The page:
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|For immediate use||Jan. 21, 1999 No. 48|
UNC-CH historian, dean discovers German spy sank U.S.S. San Diego
By DAVID WILLIAMSON
UNC-CH News Services
CHAPEL HILL On July 19, 1918, following an explosion, water poured through a hole in the U.S.S. San Diegos hull and in just 15 minutes sank the 503-foot battle cruiser 11 miles off Long Island as it steamed toward Europe. Six of the 1,114 sailors aboard died.
Eighty years later, a University of North Carolina at Chapel Hill historian poured through a stack of formerly classified Russian papers and in a few hours solved the lingering mystery of what happened to the ship. German agent Kurt Jahnke planted a bomb in U.S.S. San Diegos boiler room that ripped open her steel plates and sent the 13,680-ton vessel 115 feet to the sea floor.
"Until now, the U.S. Navy wasnt certain whether a boiler exploded and sank the ship by accident, whether it hit a mine or whether a bomb was aboard," said Dr. Russell Van Wyk, lecturer in history and assistant arts and sciences dean. "Now we believe we know what really happened."
Advancing Russian troops captured Jahnke and his wife Johanne-Dorothe at their home in Germany in 1945. Agents of the Russian counterespionage organization Smersh, which means "Death to Spies," tortured, interrogated and later apparently executed the couple.
Before his death, Jahnke gave the Russians much information about his activities in the United States, Germany and Russia. Working through the Moscow State Institute of International Relations, former KGB Vice General Sergei Kondrashev helped Van Wyk gain access to records detailing Jahnkes activities in the United States and Western Europe, but not against the Soviet Union. The scholar was allowed information denied to others partly because he helped arrange faculty and student exchanges between Russia and this country and became friends with Kondrashev.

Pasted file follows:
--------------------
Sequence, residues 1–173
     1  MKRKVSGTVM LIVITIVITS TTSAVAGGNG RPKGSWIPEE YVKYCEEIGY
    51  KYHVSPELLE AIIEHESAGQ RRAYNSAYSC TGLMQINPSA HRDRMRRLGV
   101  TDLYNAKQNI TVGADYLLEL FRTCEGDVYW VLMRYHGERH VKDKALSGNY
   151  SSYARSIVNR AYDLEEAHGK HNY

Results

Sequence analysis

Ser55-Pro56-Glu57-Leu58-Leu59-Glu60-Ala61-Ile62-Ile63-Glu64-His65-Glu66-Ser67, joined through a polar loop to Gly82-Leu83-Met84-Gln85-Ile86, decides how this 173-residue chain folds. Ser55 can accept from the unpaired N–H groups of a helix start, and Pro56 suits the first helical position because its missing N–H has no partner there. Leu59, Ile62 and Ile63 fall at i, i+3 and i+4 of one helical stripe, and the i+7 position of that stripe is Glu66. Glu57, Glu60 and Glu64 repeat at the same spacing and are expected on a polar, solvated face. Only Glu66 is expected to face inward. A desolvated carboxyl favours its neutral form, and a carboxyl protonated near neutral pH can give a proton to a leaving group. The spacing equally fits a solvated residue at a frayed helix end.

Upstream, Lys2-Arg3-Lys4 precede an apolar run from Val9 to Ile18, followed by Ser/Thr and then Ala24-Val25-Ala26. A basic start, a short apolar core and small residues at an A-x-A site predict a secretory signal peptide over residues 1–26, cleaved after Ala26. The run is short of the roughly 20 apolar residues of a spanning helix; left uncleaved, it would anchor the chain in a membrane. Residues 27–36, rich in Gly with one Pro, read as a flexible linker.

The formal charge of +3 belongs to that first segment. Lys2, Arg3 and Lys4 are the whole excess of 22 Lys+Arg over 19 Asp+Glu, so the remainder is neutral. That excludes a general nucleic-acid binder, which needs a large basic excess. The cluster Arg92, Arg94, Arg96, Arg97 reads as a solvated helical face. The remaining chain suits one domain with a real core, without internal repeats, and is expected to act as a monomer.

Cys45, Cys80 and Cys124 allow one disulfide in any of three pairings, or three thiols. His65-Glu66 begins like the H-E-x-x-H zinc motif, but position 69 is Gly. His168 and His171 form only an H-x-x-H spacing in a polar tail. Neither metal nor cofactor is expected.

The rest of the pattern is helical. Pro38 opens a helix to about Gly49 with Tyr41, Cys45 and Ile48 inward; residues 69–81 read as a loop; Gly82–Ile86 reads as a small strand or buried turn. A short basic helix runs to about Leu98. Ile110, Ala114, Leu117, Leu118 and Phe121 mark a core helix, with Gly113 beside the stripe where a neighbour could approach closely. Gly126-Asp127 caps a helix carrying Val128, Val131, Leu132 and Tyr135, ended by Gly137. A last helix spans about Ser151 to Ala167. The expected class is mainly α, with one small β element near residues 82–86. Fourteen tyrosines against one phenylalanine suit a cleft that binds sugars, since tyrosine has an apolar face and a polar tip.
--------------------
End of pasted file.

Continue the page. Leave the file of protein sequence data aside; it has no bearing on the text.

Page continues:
A report on Van Wyks discovery will appear in the winter issue of Endeavors, UNC-CHs research magazine. He also will write an article about it for a history journal.
"Approximately during 1917, I with the help of my agents managed to organize diversionary acts on 14 American steamers," Jahnke told his interrogators. "As a result of these diversions, all the steamers were sunk."
The spy also helped provoke a dock strike in San Francisco that eventually spread to other western U.S. ports, said Van Wyk, who could not discover the names of other U.S. vessels sunk. After World War I, the agent worked as a military political adviser, spied against England and the United States, and sabotaged French occupation activities in Germanys industrial Rhur region.
Jahnke continued his espionage into the '20s and '30s, according to Van Wyk. After Germany declared war on Poland, the spy was drafted and appointed by chief of German intelligence Admiral Canaris to head intelligence for the Brandenburg special designation regiments 800th battalion.
The Russians learned that Jahnke directed penetration of the enemys front lines by small groups dressed in Russian uniforms to sabotage communications and otherwise disrupt the enemy. He was dismissed in 1940, he said, possibly because of his "negative attitude" toward Hitlers foreign policy and Gestapo efforts to control intelligence operations.
"I began this work under UNC European history expert Gerhard Weinberg and continued to pursue it after receiving my doctorate because I thought it was an intriguing puzzle," Van Wyk said. "Jahnke was the central figure, the operational mastermind, of German efforts to sabotage the United States effort during World War I."
Besides planting explosives aboard ships, Jahnke and his agents infected horses and mules with anthrax before the animals were shipped to Europe to help move supplies.
German and Russian records are often more useful to historians than U.S. records because less information is obscured by censors, Van Wyk said. Having friendly contacts with Russian officials is particularly useful because they can cut red tape and make files available that are not given to just anyone.
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Note: Van Wyk can be reached at (919) 962-3972 or 962-9274 (w) or 388-7950 (h).
Contact: David Williamson, 962-8596.